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Small-Cap Institute's Amanda Gerut interviews Axogen Corporation's Karen Zaderej. Ms. Zaderej is chairman, CEO, and president of Axogen Corporation (NASDAQ:AXGN). Axogen (AXGN) is the leading company focused specifically on the science, development and...read more
What Every Small-Cap CEO Needs to Know about Shareholder Activism (Part 1 of 4: Who Are They, and Why Are They Here?)
by Beatriz Infante Part 1 of this primer covers why small-cap companies can frequently be magnets for activist challenges. Part 2 discusses the different kinds of activist investors in greater detail, and what motivates them. Part 3 discusses concrete steps CEOs and...read more
Small-Cap Institute's Amanda Gerut interviews WD-40 CEO, Garry Ridge. Mr. Ridge is president and chief executive officer of the WD-40 Company (NASDAQ:WDFC). WD-40 Company is the maker of the ever-popular WD-40, as well as 3-IN-ONE Oil, Solvol and Lava heavy duty hand...read more
Public company boards, whether they are listed or not, are supposed to be selected predominantly by independent board members that make up the nominating/governance committee of a board. Sadly, in most small-cap companies, it’s the CEO who personally selects board members. Since board members are supposed to oversee the manner in which the CEO and others operate the company, it’s a glaring problem, as friends don’t typically do a great job objectively overseeing their friends.
SCI Book Highlights: The Imperfect Board Member – Discovering the Seven Disciplines of Governance Excellence
SCI Book Highlights The Imperfect Board Member Discovering the Seven Disciplines of Governance ExcellenceDescription [excerpted from the book]: Meet David Slater. He is an ambitious and overcommitted executive who is struggling to lead his business through its first...read more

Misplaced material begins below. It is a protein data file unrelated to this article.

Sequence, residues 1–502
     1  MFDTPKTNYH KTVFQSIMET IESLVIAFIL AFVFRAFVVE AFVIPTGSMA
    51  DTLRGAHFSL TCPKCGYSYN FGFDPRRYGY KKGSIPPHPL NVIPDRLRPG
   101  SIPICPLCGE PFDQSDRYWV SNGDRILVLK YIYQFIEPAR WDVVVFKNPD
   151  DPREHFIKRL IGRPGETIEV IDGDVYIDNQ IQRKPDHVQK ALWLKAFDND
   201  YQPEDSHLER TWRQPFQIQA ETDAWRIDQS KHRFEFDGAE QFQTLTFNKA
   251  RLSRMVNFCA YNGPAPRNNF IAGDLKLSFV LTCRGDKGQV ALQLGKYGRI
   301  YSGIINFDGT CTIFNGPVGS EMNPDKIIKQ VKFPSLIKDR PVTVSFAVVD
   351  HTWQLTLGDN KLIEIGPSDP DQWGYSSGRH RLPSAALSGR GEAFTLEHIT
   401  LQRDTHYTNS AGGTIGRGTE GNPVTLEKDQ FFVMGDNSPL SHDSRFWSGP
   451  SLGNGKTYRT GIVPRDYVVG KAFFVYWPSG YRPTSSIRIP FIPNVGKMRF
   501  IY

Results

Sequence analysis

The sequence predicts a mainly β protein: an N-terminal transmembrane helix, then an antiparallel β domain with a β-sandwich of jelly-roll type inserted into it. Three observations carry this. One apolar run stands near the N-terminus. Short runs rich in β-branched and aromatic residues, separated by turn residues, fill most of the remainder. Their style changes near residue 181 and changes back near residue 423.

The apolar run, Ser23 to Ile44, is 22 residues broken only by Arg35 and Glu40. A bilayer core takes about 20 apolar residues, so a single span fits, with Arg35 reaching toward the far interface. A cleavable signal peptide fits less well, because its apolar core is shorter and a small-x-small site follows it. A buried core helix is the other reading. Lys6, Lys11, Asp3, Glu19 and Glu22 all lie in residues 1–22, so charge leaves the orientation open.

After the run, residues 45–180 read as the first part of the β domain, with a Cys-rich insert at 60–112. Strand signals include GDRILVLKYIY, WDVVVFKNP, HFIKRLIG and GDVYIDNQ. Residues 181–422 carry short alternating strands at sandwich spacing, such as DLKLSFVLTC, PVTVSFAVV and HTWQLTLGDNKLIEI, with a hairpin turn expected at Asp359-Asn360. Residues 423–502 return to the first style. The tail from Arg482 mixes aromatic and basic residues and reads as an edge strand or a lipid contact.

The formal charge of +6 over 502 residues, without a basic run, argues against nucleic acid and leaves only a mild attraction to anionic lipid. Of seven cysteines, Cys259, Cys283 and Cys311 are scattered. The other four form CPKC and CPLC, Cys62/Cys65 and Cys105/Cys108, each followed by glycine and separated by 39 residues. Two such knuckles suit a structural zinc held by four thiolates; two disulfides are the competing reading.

Small-Cap Institute's Amanda Gerut interviews renowned small-cap CEO, Billy Prim. Mr. Prim founded Blue Rhino, which was ultimately acquired for $340m. Subsequently, Mr. Prim founded Primo Water (Nasdaq: PRMW), where he now chairs the board. Mr. Prim provides...read more
Organic growth can be slow and hard to come by. In sectors that are periodically most affected by political uncertainty, trade disputes, and other geopolitical changes, customers can end up deferring their buying decisions, which makes new revenue elusive. In other instances, revenue expansion requires substantial investment in R&D that may not pay off for years. Sometimes, growth is constrained by the inability to attract needed talent or the absence of important intellectual property. With growth an imperative, some small-cap CEOs turn to mergers and acquisitions (M&A) as a solution.
There have been a number of “mini- IPOs” utilizing Regulation A+ in the
last couple of years. One clear pattern has emerged thus far: institutional investors
have taken little to no part in these IPOs for several reasons that have gone largely
Few things matter more to thousands of small-cap companies than trading volume. And yet, few aspects are more misunderstood. This article discusses five critical concepts about trading volume that small-cap officers and directors routinely misunderstand, hurting shareholders in the process (including, financings, M&A, where trading volume comes from, and where it doesn’t come from).
Seated and prospective board members commonly focus on one key risk of being a public company board member that isn’t statistically significant, and ignore two of the biggest risks they actually face.